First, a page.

As reported Friday, the American sailing yacht Ri Ri was blown onto a reef last week at Palmerston Island, in the Cook Islands, and was unable to be refloated despite a massive effort from islanders and other visiting cruisers. With their help, much of the boat’s valuable gear was salvaged, however.
We’re told that several yachts are now en route to this remote coral atoll with the intention of evacuating Ri Ri‘s owner, Frank, and his crew Gail to Tonga or beyond.
Apparently the boat broke loose from a mooring off Palmerston, which had recently been inspected. It’s been reported on cruiser nets that the mooring line parted at the loop, although the exact nature of the mishap is yet unclear. Veteran cruisers hope that other potential visitors don’t jump to the conclusion that Palmerston’s moorings are unsafe. As Sherry McCampbell of the Marathon, FL-based CSY 44 Soggy Paws points out, "It may not be the fault of the mooring itself at all. . . When we were ‘managing’ the mooring field at Toau in the Tuamotus this year and last, we had more than one incident where a lazy or inexperienced cruiser looped one line through the mooring loop and brought it back to the same cleat on their bow. A typical monohull with this configuration will then swing back and forth on the mooring and ‘saw’ on the line, damaging either the mooring loop or the bow line or both. . . The correct procedure is to use a bridle arrangement with two lines, one from each bow cleat, through the loop and back to the same bow cleat. This minimizes the ‘sawing’ effect. This should be inspected periodically for chafe. We also always then attach with a rolling hitch a completely separate line from the bow to a place lower on the mooring line (not the loop), as a backup line, in case the loop breaks. No matter how many times the moorings are inspected, you never know whether the cruiser who just left used poor technique, which can rapidly damage the rope part of the mooring line. Always inspect your mooring, and don’t let fatigue get in the way of safety."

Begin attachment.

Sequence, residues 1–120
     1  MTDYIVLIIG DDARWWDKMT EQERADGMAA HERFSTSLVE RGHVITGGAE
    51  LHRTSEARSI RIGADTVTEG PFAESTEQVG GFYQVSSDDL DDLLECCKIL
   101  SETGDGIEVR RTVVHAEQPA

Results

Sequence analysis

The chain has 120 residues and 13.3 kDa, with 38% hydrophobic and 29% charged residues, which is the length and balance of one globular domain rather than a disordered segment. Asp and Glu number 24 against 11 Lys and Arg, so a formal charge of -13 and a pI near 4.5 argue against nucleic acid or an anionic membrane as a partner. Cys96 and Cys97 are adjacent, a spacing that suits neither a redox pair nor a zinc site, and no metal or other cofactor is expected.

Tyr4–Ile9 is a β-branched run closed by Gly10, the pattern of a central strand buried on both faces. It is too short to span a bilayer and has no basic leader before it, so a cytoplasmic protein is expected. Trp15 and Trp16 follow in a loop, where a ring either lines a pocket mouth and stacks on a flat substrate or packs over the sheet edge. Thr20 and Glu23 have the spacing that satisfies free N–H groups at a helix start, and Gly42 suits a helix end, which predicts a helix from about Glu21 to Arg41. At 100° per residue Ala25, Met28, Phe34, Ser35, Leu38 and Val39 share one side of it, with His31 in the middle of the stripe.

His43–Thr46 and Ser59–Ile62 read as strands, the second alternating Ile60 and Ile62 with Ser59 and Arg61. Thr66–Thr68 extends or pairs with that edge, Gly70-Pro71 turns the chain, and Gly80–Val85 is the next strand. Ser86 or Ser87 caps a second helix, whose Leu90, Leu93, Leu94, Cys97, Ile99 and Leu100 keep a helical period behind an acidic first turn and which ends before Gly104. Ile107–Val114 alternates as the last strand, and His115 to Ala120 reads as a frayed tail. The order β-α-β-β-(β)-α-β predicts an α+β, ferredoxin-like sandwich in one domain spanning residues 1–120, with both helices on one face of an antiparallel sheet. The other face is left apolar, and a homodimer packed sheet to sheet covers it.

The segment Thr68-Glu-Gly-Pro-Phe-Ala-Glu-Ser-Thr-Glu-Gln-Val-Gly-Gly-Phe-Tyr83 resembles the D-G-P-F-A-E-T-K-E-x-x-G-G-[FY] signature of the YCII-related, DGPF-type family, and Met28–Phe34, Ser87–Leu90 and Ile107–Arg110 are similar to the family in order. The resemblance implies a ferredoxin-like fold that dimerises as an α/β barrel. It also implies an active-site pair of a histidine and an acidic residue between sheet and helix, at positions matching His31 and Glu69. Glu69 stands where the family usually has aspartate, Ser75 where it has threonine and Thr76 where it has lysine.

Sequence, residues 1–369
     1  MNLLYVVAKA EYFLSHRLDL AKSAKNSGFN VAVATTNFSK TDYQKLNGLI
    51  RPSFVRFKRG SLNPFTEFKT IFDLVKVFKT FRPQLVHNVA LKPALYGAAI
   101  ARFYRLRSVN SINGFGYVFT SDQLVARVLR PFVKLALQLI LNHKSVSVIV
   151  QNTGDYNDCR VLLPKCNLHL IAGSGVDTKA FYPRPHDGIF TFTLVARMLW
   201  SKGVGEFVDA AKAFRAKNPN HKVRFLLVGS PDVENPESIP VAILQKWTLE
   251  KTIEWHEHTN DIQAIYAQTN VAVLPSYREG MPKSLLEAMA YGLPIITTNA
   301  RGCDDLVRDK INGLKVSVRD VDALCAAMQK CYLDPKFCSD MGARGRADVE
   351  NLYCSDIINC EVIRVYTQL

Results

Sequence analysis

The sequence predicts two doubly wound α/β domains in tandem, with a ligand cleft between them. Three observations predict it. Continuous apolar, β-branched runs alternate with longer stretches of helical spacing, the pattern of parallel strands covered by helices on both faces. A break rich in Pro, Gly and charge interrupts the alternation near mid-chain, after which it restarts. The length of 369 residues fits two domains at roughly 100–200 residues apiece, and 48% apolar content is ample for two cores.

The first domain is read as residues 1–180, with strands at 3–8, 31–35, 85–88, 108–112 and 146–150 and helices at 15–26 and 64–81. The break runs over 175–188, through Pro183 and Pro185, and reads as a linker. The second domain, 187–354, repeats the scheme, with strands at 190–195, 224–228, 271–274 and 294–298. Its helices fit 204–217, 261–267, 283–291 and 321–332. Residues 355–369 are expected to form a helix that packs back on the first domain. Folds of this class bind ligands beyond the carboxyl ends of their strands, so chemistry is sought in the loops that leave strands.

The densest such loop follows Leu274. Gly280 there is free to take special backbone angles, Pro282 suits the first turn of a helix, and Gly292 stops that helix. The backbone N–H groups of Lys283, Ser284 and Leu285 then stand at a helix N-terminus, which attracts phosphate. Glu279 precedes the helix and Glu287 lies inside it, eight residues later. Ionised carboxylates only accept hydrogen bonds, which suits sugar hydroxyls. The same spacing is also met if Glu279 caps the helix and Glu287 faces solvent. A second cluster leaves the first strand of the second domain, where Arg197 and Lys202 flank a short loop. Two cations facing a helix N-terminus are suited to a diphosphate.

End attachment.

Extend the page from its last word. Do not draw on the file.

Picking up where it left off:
Palmerston has long been a favorite stopover for westbound cruisers, partly because of its colorful history. In the mid-1800s, English ship’s carpenter William Marsters and his Polynesian family annexed the island from the British government. Most, if not all, current residents are said to be his descendants, and consequently this is the only island in the Cooks where English is the native tongue.